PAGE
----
Even the greatest champions eventually tap out against Father Time. There are no exceptions to the rule, but for now, 35-year-old Rafael Nadal soldiers on, undiminished, yet ever changing. In 2022 he is defying the odds as he continues to add chapters to his legacy while simultaneously rewriting tennis’ record books.
The Spaniard is a revolution that morphed into an evolution.
First recognized as shocking physical specimen, the Nadal of today is more of a mental fortress. He fights through pain, just as he fights past his opponents: with fortitude, wisdom and the nuance that comes from age and his vast wealth of experience.
On Sunday at the BNP Paribas Open, in the midst of his career-best start to a season, Nadal will fight to remain undefeated as he bids to become the oldest champion in tournament history.
Only Taylor Fritz, bidding to become the first American men’s singles champion in the California desert since Andre Agassi in 2001, stands in his way.
Fritz won’t be favored against the mighty Nadal, but the 24-year-old has proven that he can rattle the cage of the tour’s best players over the last six months, with his booming serve and attacking style.
The 20th-ranked California native has won nine of his last ten matches at Indian Wells, and backed up his breakout run to the semifinals in 2021 with an even more momentous achievement this week. By defeating No.7 seed Andrey Rublev 7-5, 6-4 on Saturday afternoon Fritz became the first American to reach the Indian Wells final in a decade. If he can manage a victory on Sunday, he’ll snap a 21-year title drought for the stars and stripes in the California desert.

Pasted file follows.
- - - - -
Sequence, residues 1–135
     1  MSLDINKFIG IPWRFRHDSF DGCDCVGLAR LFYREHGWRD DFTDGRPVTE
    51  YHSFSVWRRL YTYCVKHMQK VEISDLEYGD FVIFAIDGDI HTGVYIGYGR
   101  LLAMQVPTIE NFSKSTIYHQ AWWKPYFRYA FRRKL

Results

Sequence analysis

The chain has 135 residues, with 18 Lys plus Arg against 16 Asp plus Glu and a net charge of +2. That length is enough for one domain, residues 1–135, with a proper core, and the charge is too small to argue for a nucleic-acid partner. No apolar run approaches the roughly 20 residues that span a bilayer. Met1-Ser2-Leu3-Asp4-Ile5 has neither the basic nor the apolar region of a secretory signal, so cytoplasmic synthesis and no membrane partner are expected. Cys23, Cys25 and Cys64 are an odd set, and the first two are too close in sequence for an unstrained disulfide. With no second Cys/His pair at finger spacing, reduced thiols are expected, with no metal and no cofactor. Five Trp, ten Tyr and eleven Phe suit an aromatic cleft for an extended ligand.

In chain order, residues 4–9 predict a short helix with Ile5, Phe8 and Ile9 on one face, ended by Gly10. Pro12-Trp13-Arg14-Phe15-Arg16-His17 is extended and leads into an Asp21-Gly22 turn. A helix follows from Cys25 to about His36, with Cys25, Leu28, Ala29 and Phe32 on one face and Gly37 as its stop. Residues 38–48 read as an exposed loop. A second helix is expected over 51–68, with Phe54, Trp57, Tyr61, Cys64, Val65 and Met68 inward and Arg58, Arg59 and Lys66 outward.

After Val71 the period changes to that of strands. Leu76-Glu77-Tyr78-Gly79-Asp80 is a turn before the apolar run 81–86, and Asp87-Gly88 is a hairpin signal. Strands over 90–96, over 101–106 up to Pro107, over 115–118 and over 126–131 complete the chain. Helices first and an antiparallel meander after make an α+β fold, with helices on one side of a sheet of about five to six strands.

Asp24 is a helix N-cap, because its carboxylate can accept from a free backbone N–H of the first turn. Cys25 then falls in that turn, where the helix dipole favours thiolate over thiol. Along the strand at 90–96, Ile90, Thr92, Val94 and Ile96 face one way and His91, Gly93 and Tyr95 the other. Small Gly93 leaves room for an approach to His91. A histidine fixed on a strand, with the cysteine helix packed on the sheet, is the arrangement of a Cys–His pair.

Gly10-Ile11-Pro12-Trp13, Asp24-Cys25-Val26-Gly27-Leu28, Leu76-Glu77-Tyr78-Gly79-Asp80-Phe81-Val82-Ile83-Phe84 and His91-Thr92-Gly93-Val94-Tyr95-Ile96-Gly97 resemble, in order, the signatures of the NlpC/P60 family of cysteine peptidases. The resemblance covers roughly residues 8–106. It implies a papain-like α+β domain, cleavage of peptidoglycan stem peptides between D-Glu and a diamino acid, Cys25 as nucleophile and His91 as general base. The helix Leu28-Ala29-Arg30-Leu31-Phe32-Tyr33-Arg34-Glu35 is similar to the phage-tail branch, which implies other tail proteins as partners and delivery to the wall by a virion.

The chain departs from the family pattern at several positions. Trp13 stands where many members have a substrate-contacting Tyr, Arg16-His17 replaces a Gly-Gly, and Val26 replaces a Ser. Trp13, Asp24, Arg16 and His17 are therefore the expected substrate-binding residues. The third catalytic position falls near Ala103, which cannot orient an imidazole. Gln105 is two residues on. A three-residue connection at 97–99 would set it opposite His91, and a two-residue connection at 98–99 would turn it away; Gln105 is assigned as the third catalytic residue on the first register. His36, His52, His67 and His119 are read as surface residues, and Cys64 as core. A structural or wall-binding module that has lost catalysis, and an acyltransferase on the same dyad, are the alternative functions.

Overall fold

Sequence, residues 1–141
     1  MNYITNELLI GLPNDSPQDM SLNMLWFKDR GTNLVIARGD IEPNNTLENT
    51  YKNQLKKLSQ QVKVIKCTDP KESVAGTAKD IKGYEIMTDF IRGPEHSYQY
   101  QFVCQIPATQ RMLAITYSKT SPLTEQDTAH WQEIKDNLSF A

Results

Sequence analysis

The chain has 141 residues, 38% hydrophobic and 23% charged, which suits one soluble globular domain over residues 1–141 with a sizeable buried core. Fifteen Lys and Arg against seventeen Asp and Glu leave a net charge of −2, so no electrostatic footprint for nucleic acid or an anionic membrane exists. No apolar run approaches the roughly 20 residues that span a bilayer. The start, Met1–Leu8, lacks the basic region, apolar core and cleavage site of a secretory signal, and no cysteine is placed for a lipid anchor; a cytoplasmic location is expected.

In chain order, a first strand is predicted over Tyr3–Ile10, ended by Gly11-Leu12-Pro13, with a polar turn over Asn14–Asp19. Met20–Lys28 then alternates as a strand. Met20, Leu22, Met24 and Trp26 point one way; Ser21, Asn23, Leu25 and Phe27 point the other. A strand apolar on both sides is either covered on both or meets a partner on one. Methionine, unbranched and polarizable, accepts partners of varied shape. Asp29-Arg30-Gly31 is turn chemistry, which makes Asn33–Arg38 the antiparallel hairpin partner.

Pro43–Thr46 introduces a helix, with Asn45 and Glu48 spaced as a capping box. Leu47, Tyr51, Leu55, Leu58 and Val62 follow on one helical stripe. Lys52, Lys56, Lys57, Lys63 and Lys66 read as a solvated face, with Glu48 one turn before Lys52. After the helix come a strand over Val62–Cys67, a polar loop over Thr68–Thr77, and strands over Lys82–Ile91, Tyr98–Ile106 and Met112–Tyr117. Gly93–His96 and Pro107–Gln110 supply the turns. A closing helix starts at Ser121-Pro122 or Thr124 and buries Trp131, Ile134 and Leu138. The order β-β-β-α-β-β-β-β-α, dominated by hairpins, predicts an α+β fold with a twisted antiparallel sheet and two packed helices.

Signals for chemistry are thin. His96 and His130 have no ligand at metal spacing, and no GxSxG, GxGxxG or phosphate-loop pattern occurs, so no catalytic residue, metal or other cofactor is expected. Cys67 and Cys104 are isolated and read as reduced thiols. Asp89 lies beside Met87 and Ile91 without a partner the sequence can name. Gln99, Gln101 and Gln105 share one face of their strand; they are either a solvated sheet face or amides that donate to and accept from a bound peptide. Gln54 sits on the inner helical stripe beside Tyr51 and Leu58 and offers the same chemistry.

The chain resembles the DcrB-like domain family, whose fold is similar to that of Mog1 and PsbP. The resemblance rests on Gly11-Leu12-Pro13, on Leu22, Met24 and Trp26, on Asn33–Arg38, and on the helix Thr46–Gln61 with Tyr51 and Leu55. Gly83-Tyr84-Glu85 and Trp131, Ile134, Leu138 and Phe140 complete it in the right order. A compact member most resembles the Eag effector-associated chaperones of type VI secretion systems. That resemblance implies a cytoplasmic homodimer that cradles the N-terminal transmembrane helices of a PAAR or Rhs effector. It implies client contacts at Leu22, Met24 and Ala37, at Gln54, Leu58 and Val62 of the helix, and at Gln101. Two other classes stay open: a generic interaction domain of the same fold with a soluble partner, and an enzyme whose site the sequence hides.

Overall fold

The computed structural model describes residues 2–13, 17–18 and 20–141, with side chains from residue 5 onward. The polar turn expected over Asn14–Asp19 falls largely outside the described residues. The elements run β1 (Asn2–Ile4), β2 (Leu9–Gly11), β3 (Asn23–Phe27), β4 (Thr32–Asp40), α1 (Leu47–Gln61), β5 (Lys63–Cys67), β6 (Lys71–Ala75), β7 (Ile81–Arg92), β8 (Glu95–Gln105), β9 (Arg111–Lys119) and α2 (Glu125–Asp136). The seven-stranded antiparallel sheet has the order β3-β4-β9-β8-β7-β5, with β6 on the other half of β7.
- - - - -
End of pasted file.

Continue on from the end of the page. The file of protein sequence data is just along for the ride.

Fritz faced Nadal for the title in the Acapulco final in 2020 and was defeated in straight sets. He remembers Nadal hammering away at his forehand and says he made too many mistakes in the 6-3, 6-2 defeat. Two years later, the Rancho Sante Fe, California native believes he has more tools in his bag to cope with the relentless Spaniard.
“I kind of beat myself trying to fire off winners against him,” the American said. “I think my level is so much higher than it was then, so I maybe won’t be feeling like I need to pull the trigger so much, need to do so much. I can kind of just play more within myself.”
If Nadal is being forced to play with more aches and pain than he would like these days, the 21-time major champion more than makes up for fatigue with wisdom, heart, and discipline. To Nadal, competition is a simple yet limitless art.
To watch him conduct an early morning practice inside an empty Stadium 1, as he did several times this week, is to watch a professional in pursuit of perfection. At 35, in the midst of his best ever start to a season, he approaches every practice with zeal. It’s that salt-of-the-earth love and respect for the sport and its rituals that keeps him perpetually humming forward.
“I always have a very basic point of view and it’s to do the things that are going to help you to play better or to win more,” he deadpans, before reiterating: “I enjoy the challenges.”
As he seeks to make more history on Sunday, Nadal will do as he has always done: turn over every rock in his quest for his fourth BNP Paribas Open, 37th Masters 1000, and 92nd overall title. The years on the calendar change, but the resolve never does.
“I know tomorrow I need to be ready physically, mentally, in terms of playing at a very high level of tennis because he’s playing well,” Nadal said of his next challenge. “I am going to try to do the work that I need to do to be ready for tomorrow and then let’s see.”